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Japan Marks Anniversary of 1923 Quake


Members of Tokyo Metropolitan Police Department take part in an earthquake disaster drill in Tokyo, September 1, 2011

Members of Tokyo Metropolitan Police Department take part in an earthquake disaster drill in Tokyo, September 1, 2011

Japan's capital is marking the 88th anniversary of a destructive earthquake that killed an estimated 130,000 people and left most of the survivors in Tokyo and Yokohama homeless.

The country was again reminded of its precarious position atop seismic faults in March when a magnitude 9.0 earthquake triggered a massive tsunami, leaving 20,000 people dead or missing. Now Japanese scientists are warning this year's quake may have increased the chances of a huge new tremor underneath Tokyo.

Japan’s government Thursday carried out a simulated response to a Magnitude 7.3 earthquake striking below Tokyo.

It is an annual exercise on the anniversary of the September 1, 1923 quake, which measured 8.2 on the Richter scale and destroyed most of Tokyo and Yokohama.

Outgoing Japanese Prime Minister Naoto Kan addressed the country during the drill news conference.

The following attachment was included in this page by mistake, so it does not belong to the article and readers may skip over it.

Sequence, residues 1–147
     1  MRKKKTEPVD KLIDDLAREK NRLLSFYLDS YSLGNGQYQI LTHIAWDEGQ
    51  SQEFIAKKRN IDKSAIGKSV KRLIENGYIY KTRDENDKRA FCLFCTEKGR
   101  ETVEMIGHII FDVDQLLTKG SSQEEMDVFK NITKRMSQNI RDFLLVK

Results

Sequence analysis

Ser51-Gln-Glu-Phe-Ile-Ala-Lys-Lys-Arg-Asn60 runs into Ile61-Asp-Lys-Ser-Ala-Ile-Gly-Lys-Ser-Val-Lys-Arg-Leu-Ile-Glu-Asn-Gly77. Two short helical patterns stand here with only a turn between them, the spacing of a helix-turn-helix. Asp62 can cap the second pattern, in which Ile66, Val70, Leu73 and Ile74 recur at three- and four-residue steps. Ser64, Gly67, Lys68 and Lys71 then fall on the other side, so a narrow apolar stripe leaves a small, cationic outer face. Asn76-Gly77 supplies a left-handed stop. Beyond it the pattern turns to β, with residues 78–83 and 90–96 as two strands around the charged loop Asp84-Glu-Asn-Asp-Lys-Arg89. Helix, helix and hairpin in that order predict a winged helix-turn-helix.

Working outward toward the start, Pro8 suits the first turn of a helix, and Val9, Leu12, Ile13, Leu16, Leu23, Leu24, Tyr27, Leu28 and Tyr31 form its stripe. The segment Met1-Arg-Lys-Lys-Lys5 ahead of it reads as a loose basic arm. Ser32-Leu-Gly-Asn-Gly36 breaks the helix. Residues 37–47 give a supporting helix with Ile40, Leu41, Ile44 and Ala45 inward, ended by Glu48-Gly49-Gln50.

He was simulating the announcement of the major temblor.

The drill comes less than six months after the devastating quake and tsunami in the Tohoku region, in northeastern Japan.

And, despite Thursday’s drill, 63-year-old Kazunori Kuga in Tokyo says he’s worried.

He says holding the exercise only once a year is inadequate. He feels the country still is largely unprepared..

Scientists are also worried, because they say this year’s huge quake has triggered continuing seismic activity across the country.

In the Tokyo metropolitan area, the number of small earthquakes has increased 500 percent compared to before March 11.

Tokyo is hit by a major tremor, on average, every 200 years. But the seismologists say this year’s magnitude 9.0 quake, less than 250 kilometers from the Japanese capital, has them rethinking that time frame.

Professor Naoshi Hirata is a director at Tokyo University’s Earthquake Research Institute. He notes that until this year’s huge earthquake, the official Japanese government consensus was the Tokyo area had a 70 percent chance of getting struck by a magnitude 7.0 earthquake within 30 years.

"My feeling is the probability has increased. But it's very hard to say how much the percentage increased because there's many factors, many reasons that control the seismic activity," said Hirata. "I cannot say the exact number. But, in general, the probability has increased after the Tohoku earthquake."

Hirata says it is premature to be more specific.

"We're evaluating the probability using the data we got after the March 11th earthquake," he said.

That evaluation is to be completed next March. The new data could compel Japan’s government to issue a new assessment with a greater probability, a higher magnitude, a shorter time frame or some combination of those variables.

Japan is one of the most seismically active countries in the world and Tokyo sits on one of the most earthquake prone parts of the country.

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